The present invention is protective gear for a wearer's body that includes an improved, integrated attachment system with many novel and useful features. The quick set-up attachment system can be adjusted once during a first use and retain its adjustment settings after it is removed from the wearer's body. The attachment system retains its settings after being removed from the wearer's body, and no repeated adjustment is required when the protective gear is attached to the same wearer's body a second time.
This attachment system also includes a coupling mechanism that is protected by the shield. Portions of the shield itself include integrated coupling elements, and the attachment system involves coupling these shield portions together. Thus, the attachment system is integrated with the shield and portions of the shield also function as parts of the attachment system.
Securing the attachment system in place can be accompanied by a signal, which provides some utility by signaling when the attachment system has been fully secured on the wearer. The signal can be any appropriate signal, such as a visual, auditory, or tactile signal, or a combination of appropriate signals. In some exemplary embodiments, the signal is a combined auditory and tactile signal that produces a snapping or popping sound and sensation when the shield portions have been fully coupled to one another.
In addition to the shield, the protective gear can include a flexible, cushioned pad. The shield can be mounted on this cushioned pad, and the attachment system can be operably coupled to the pad as well as the shield. Thus, the pad can be considered a backing member upon which the shield can be mounted.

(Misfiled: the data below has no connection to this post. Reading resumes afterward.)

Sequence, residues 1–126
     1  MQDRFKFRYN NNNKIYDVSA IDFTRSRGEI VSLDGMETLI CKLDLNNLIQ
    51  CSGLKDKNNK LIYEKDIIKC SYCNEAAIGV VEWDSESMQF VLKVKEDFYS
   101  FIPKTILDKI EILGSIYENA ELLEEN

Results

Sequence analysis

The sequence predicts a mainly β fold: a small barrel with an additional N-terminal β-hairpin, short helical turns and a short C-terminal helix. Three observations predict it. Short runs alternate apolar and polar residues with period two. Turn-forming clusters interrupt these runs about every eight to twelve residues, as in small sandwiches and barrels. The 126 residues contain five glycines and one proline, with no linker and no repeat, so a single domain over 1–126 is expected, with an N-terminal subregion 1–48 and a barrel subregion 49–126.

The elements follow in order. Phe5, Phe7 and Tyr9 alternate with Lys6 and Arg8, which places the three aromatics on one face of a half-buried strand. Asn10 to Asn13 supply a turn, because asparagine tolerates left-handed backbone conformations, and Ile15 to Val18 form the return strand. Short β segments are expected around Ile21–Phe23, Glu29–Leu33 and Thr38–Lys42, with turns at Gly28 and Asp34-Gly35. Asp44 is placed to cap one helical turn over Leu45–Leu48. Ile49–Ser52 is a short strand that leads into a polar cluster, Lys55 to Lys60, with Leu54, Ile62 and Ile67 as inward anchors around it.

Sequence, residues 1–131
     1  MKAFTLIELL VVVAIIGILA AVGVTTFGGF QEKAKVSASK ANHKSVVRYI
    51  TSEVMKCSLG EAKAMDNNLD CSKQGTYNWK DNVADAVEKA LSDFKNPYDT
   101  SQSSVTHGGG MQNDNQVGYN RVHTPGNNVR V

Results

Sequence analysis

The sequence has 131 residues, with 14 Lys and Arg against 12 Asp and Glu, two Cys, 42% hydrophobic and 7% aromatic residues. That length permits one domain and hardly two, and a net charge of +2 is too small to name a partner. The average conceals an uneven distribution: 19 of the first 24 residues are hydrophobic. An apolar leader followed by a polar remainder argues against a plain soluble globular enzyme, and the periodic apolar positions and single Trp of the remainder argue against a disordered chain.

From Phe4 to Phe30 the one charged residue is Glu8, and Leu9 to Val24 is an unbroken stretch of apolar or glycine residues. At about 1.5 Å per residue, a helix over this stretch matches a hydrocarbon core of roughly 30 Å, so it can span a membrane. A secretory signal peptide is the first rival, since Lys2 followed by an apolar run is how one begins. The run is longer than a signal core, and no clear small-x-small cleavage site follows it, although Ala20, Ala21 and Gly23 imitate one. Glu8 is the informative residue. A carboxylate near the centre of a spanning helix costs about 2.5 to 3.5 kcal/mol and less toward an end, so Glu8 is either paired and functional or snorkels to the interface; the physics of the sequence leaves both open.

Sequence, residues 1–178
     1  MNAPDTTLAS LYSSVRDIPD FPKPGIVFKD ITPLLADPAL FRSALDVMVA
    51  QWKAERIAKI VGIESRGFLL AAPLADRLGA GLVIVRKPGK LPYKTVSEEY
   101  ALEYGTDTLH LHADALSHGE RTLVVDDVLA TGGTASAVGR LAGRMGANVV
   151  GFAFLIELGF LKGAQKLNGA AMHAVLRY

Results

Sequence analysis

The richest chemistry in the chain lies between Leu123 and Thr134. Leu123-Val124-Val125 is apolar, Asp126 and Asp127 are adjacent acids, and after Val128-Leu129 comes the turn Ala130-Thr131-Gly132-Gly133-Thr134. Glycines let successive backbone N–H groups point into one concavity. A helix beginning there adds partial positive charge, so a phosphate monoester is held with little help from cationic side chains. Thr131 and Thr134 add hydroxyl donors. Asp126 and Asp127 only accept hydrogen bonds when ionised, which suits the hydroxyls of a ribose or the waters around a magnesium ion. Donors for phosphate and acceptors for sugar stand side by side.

The protective guard can be anatomically conformed to and adapted for any appropriate part of a human or animal body. An anatomically conformed protective guard is one in which the inner surface is fitted or molded to the body surface of the body part sought to be protected; or the inner surface includes compressible foam, gel, encapsulated beads, or other compressible material that compresses against and fits to the body surface of the body part sought to be protected; or the inner surface otherwise includes some feature allowing it to conform to the body surface of the body part sought to be protected. In some embodiments, an anatomically conformed protective guard also includes an outer surface shaped to substantially conform to the external dimensions of the body part sought to be protected. As just one, non-limiting example, the illustrated embodiment described below is a knee guard having an outer protective shield with a substantially rounded or semi-spherical portion that generally conforms to the rounded shape of a knee.